Essential starter products:

Rules Compendium, it was a good idea, it should stay, but it should not be Immune: Errata like the current one is. Possibly set up to make the rules system more modular, and provide alternatives (don't like magic items? don't use them, heres how to keep the game balanced.)
A players book: One of multiple (eventually, presumably one to start with), each containing details for a few (6-10, biased towards higher numbers for earlier books to get all the favorites out there) classes, and races, enough to make a character.

for the DM only:
DMG: advice on DMing, not much different from the old ones, a few example terrains, out of combat encounters, and suchlike, all campaign independent. Very light on rules, since most should be visible both sides of the screen.
A monster manual
A campaign setting: either homebrew or bought, mostly fluff, but will inlcude some monsters unique to the setting (e.g. spellplagued stuff from 4e FR) in a separate section for easy reference

Character builder: Kept up to date (or permission given for others to make one through OGL or similar), since it's a lot easier than just using the books. Preferably updated on release day for the book, or at least within a couple of weeks for subscribers. Houserule support. Possibly modular, so you can use your copy of the PDF to unlock content rather than having subscriptions.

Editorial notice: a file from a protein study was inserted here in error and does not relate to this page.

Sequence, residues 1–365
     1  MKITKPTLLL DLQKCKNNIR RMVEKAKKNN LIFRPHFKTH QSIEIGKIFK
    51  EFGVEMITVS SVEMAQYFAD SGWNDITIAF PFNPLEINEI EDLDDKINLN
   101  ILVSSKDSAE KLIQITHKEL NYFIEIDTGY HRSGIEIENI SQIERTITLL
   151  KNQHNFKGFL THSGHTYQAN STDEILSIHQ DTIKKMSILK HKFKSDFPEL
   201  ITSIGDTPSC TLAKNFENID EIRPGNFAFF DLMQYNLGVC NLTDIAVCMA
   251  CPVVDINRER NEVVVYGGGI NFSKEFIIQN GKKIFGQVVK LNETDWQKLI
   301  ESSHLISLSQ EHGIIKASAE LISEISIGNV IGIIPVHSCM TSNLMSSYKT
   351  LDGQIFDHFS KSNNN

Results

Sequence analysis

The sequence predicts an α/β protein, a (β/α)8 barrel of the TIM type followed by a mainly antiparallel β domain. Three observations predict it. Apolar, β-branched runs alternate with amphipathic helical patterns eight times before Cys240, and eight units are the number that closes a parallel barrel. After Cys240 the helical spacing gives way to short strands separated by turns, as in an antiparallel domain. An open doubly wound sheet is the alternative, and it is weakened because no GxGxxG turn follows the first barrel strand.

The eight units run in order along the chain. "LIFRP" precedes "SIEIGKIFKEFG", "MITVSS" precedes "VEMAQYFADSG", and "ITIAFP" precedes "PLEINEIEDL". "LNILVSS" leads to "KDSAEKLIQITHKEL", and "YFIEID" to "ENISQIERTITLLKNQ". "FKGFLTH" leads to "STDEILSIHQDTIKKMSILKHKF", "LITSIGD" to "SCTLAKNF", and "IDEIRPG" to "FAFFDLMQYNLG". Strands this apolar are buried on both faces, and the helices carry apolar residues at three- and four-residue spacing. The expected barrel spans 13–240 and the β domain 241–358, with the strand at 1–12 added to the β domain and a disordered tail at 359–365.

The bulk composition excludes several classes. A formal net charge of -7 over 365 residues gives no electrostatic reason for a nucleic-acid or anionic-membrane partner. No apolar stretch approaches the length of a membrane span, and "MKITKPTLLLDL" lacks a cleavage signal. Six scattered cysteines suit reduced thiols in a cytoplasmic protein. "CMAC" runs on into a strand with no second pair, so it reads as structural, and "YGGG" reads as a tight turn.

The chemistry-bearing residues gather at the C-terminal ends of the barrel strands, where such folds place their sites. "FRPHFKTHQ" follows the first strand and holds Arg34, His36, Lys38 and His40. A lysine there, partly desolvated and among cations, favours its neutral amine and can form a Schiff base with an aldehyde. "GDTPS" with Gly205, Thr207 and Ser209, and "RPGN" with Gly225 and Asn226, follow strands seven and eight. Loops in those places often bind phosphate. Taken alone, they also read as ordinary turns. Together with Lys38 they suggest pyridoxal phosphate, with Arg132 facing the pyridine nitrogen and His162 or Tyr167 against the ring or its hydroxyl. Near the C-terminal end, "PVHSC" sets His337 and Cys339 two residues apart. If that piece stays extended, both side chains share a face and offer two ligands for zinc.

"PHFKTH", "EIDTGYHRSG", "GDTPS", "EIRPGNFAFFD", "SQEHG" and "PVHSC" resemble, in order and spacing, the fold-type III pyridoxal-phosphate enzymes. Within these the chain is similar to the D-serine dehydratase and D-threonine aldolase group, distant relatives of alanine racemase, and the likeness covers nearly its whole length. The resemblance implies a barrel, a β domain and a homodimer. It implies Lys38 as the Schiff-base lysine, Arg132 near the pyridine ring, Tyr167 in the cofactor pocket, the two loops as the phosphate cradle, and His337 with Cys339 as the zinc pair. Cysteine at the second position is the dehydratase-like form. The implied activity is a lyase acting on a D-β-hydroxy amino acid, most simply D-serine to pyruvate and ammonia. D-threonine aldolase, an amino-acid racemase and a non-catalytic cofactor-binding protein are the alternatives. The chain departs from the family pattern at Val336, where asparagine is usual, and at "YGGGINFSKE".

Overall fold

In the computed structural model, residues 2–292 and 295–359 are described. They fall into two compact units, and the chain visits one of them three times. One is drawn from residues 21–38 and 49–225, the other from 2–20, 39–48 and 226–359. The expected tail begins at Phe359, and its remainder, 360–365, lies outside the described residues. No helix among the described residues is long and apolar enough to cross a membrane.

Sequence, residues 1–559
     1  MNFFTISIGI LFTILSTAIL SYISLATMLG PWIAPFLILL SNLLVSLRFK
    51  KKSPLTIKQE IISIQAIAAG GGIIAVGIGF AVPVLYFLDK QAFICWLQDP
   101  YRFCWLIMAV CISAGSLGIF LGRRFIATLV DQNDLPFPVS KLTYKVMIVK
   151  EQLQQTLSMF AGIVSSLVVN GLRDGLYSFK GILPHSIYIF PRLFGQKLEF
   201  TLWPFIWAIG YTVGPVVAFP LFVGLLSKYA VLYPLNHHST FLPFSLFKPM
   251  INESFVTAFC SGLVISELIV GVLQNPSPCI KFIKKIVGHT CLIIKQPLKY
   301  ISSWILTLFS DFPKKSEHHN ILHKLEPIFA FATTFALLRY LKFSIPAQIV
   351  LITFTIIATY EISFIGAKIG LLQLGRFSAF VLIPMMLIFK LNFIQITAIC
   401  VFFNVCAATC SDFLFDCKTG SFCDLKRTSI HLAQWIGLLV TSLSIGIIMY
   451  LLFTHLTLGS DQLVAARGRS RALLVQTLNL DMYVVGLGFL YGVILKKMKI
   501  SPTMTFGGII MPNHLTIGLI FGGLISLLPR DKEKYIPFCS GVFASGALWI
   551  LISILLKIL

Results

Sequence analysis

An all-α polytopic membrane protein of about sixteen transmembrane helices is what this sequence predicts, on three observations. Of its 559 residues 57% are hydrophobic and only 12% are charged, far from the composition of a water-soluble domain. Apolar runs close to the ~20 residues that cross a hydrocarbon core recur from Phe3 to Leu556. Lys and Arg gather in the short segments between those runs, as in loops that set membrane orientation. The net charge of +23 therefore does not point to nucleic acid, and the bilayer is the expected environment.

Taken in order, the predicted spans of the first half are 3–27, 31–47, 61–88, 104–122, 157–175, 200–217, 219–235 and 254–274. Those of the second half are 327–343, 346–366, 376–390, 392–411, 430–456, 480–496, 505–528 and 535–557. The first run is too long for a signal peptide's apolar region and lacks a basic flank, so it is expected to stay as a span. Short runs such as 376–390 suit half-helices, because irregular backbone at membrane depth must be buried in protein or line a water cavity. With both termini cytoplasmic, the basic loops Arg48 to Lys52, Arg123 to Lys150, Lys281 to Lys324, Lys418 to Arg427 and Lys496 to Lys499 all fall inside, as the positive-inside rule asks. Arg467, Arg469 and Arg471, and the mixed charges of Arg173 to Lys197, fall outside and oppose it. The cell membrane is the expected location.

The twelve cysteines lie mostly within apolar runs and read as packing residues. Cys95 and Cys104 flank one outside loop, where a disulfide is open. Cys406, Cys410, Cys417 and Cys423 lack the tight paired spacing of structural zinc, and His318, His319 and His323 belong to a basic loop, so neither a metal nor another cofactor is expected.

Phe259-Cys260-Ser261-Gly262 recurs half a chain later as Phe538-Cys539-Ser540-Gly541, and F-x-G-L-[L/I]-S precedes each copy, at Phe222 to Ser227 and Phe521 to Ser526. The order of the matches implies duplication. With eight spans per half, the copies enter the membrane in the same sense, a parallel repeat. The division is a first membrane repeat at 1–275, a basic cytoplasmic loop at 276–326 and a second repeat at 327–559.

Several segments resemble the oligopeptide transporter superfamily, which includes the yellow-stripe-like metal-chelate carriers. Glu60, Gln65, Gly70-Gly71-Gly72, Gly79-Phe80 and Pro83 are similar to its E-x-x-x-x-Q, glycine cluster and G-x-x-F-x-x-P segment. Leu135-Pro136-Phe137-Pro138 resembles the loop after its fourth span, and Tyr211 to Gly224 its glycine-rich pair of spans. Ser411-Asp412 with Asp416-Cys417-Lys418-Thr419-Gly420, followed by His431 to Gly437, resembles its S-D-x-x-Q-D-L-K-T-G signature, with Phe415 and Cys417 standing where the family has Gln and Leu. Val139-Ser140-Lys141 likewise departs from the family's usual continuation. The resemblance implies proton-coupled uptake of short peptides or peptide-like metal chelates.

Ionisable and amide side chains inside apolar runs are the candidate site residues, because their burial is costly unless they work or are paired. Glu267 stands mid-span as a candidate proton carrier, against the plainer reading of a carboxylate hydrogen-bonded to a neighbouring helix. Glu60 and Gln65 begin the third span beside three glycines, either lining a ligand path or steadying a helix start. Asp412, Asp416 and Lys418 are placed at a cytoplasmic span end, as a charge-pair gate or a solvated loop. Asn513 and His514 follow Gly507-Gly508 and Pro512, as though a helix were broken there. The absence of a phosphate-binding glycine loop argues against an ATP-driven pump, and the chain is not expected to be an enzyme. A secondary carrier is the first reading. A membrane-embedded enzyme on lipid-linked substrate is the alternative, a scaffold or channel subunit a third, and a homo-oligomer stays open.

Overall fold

Additional books:
Class materials: expansions for current classes, new builds, new powers, whatever. More X Power than Heroes of X, this is for more options for a class, not another subclass
More monster manuals, both themed, and general.
More campaign settings

"I am the seeker, I am the stalker, I am the walrus"
If Fifth Edition is to be something that I can swing into my FLGS and buy - which I hope that it will be - then I want for there to be a single product needed for entry that is not made redundant by future purchases

I want the introductory box set of the game to be out before (or at least at the exact same time) as the 3 volume set.